First of all, if you haven't played it... PLAY DONUT GET!
It's free on our site Sokay.net
I've been on a bit of a Donut Get! hiatus. I was super burned out with working on it nonstop, doing the monthly downtown Los Angeles art walk show. And still having more work to do.
Fortunately I got the opportunity to do some freelance work to break up the monotony a bit. I worked on a project for Google Fiber for a guy I used to work with. That was mostly fun and different. I was happy that it was for a touch-screen kiosk rather than a typical website or something.
I had quit my job back in February with the intention of getting more comfortable with Unity. I've been an advocate for years but I haven't focused on any project to make use of my license. With Donut Get! mostly
out of the way, it was finally time to start working on it.
But I had a bit of a conflict. I didn't do any spectacular launch with Donut Get! but I was just trying to move on from it because it's been consuming my life for a long time. Every time I showed my games at the Art Walk during Sokay Play people were always asking me if I "had an app" for our games. Nope!
Of course nobody realizes the work that would take to take something from Flash to mobile. In some cases the Air exporter would be fine, but in its state Donut Get! is something that can bring a desktop to its knees. Flash just isn't efficient enough. I had pondered a Unity port, but porting the 3 game engines, all the cinematics, etc, etc was just a dumb idea. So much of the tricks I use are dependent on the way Flash works. Way too much work.
One weekend, I started messing around with Unity. I put together a quick demo like before I went out clubbing in Hollywood or something. Came back to it the next day while doing laundry or something. I just dropped in art from Donut Get! and started getting things moving around. A couple menus... some simple touch controls. I had a pretty good proof of concept. This would work. I could do just a simple port of the Donut segment of the game. Just leave out unnecessary stuff. And it gave me an opportunity to figure out how Unity ticks.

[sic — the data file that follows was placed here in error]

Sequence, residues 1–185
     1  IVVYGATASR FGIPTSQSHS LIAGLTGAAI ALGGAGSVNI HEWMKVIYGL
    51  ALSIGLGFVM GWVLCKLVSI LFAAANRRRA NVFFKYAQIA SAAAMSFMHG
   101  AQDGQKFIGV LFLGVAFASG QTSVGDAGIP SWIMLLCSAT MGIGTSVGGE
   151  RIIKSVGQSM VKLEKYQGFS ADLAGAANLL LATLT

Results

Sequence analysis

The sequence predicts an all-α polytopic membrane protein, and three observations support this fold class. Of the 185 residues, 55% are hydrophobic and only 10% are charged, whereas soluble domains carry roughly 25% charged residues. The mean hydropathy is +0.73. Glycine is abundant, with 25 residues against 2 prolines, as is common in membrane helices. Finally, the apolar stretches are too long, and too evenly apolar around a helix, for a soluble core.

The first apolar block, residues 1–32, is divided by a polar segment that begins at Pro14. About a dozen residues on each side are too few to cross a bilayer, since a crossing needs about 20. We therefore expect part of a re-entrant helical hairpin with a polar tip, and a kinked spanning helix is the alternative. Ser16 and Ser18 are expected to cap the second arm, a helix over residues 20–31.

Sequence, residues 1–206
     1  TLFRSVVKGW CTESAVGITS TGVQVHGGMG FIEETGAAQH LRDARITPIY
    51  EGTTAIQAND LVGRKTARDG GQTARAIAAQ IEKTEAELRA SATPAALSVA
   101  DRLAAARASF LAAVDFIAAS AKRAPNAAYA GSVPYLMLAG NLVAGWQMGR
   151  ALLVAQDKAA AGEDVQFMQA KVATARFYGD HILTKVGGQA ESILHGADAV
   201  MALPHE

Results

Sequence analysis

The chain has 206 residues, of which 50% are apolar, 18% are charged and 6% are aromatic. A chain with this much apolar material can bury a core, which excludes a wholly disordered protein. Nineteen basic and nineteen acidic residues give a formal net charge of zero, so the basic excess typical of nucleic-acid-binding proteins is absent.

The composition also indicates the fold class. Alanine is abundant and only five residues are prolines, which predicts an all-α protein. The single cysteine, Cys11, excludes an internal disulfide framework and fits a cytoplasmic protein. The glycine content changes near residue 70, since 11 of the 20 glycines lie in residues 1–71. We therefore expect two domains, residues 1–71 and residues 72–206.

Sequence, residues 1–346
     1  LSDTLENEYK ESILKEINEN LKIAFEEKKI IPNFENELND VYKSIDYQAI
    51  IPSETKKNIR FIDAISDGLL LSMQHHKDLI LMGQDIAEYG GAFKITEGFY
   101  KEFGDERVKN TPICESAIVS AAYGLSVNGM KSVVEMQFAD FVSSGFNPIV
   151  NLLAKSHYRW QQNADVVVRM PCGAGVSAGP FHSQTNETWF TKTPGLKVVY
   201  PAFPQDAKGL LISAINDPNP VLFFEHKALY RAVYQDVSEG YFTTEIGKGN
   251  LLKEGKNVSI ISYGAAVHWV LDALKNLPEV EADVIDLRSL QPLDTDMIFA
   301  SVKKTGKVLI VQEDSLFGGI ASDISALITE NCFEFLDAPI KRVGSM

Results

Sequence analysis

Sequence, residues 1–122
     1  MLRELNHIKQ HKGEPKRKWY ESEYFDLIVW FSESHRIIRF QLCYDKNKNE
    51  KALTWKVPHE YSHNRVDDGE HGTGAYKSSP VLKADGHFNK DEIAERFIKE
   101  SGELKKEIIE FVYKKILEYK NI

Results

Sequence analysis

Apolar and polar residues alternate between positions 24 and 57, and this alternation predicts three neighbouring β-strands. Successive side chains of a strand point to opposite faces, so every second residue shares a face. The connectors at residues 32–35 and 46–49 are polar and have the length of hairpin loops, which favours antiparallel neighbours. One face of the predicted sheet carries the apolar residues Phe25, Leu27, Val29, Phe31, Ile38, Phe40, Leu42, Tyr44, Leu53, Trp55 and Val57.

I'd done a bunch of demos in Unity. Basically to feel it out and get a sense for how things worked. Our teams Global Game Jam 2011, Devoid
, game was in Unity and that helped a ton. But making a finished game from start to finish is definitely another story.
Working on a Donut Get! port of Unity was actually very helpful. It gave me a clear goal. I had all of the art assets. So I just had to focus on figuring out a pipeline to get my Flash animation into Unity. I had all the sound, so I had to figure out how to get it them to play.
So I've been doing it in C# and it's been coming along pretty smoothly. UI has definitely been one of the biggest problems. Flash and UI go hand in hand. Not the case with Unity. Fortunately there were great tools in the Unity Asset store. After doing a bit of research, I decided to give NGUI
a try which happened to be on sale. I paid about $80 for it, think I already got my money's worth just saving a bunch of time. It's got its issues, but working with it helped me to understand some things.
Anyway, here's what it's looking like!
Testing it here on my Samsung Galaxy Tab 7.0 Plus, which I picked up on sale at Best Buy a few months ago to get a feeling of what Android was about and for testing.
I have a 1st gen iPad which is slow as hell in comparison to the Tab, but runs the game no prob so far. I think the framerate is a bit lower though.
So this is what the game looks like running in the editor. I'm literally only using planes for all the models, 2 tris. I found a great Unity script for creating models of 2 poly planes, since the default Unity plane model has way too many subdivisions.
Okay that was a lot, but there's more!
My 2012 Game Reel
Check out my 2012 Game Reel
, which is many of the Flash games I've worked on over the years.